Let the crank turn
In essence, they are "just" a wheelie performed backwards, except that because you ride backwards, the free-wheel engages with the crank, forcing the crank arms into reverse motion. Reaching the right point of balance for a regular manual is tricky enough to learn in one direction, but having to back-pedal into thin-air to follow the pace of the crank arms just creates more distraction and is rather unsettling. Only tons of practise will help you get that evasive trick, but here are a few tips.
Obviously, the fakie wheelie will only be possible with some backward momentum. This could be back-pedalling from a small endo, or back-hopping from a small step. But for the sake of learning, the least difficult start is to lean your front wheel against a wall and then energetically push yourself away from that wall.
Alternatively, on a flat, you could also start with a small endo to gain backward momentum, but the transition to fakie wheelie is harder to catch.
It does help if you launch this down a mild slope so that you continuously get some traction backwards.
Easier to start than to maintain
Never use the brakes!
In any case, never use the rear brake to control your speed backwards, a sudden stop of the rear wheel will throw you off balance on your back and even a progressive stop would deprive your senses from valuable pedal feedback.
Instead, control your speed by resisting a bit more on the driving pedal (whichever is positioned in front of the other). The hard bit is to maintain the same light pedal contact as you switch your front foot (from your good to your bad foot), without ever getting stuck on your bad foot.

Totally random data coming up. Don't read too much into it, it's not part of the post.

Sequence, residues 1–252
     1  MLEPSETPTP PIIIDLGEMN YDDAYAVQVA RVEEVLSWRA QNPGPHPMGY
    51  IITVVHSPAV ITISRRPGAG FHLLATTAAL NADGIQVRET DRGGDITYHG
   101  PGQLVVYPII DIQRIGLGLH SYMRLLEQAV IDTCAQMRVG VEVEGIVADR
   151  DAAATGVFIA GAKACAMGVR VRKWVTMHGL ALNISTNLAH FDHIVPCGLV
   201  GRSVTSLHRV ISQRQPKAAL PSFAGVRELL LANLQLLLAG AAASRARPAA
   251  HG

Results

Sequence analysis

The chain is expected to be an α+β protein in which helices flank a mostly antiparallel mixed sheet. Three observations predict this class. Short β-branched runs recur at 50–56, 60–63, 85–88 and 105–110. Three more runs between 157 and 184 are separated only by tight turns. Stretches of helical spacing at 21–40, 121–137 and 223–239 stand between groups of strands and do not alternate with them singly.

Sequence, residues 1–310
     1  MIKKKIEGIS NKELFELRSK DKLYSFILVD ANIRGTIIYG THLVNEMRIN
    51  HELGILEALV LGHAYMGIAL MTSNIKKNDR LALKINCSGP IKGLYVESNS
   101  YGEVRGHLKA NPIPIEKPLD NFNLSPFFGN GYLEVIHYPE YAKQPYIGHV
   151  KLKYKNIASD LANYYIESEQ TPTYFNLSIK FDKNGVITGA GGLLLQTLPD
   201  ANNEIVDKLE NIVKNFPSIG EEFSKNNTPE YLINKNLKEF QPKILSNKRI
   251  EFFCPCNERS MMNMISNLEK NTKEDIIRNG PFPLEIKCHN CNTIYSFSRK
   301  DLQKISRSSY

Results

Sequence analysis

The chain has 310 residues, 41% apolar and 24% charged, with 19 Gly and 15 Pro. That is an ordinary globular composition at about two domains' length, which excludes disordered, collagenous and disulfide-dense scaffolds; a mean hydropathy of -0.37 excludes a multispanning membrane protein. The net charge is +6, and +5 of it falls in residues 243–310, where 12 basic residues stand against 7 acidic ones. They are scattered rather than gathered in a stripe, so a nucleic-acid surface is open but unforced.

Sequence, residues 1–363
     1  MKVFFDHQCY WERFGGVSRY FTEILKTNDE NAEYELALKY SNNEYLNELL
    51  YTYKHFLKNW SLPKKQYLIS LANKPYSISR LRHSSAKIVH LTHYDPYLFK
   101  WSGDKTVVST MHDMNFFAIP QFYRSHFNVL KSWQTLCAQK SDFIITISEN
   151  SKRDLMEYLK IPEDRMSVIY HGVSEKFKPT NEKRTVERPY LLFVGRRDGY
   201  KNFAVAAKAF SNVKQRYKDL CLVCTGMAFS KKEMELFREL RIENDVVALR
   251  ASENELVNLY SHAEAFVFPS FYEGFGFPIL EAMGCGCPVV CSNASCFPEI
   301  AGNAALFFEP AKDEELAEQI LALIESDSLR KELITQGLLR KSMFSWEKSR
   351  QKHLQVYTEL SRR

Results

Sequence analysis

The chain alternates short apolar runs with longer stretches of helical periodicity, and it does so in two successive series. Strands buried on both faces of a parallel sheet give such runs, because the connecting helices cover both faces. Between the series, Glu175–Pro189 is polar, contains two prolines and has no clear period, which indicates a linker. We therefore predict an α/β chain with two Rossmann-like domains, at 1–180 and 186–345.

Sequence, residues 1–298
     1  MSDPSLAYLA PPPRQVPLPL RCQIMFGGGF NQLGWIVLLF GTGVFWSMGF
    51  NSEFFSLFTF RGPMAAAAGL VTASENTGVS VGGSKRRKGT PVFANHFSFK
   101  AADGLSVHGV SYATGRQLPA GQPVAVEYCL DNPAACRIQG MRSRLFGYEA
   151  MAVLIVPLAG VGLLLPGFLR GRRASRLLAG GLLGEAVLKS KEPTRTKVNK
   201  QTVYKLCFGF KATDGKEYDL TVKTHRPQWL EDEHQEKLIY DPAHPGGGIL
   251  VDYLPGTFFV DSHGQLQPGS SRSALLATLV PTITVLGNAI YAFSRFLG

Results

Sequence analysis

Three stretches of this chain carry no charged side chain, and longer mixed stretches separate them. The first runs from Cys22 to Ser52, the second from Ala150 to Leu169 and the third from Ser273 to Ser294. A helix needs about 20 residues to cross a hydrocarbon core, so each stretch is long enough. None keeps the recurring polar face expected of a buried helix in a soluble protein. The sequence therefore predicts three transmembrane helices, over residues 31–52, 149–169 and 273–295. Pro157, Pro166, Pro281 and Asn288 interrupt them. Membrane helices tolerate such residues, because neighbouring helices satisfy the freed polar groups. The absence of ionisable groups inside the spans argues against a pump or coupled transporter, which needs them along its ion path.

So try to focus on following the pedals with your feet and you'll see some progress, from half a crank turn, to a full crank turn, to multiple crank turns.
Once you get used to backpedal in tune with the crank's motion, try to let your feet loose and focus more on your balance, for example, keeping your handlebars at a steady level.
This will be easier to visualize and focus on, and the whole move will look simpler to manage.
On a flat ground, without the natural traction of a slope, the fakie wheelie is a little bit harder to maintain. The second you stop back pedalling, you instantly lose your backward momentum, and too much pressure on the pedals will just shoot out the bike in front of you. Once you get used to a flat start, try your luck back-hopping from a small step as a way to build up backward momentum and land directly into a fakie wheelie.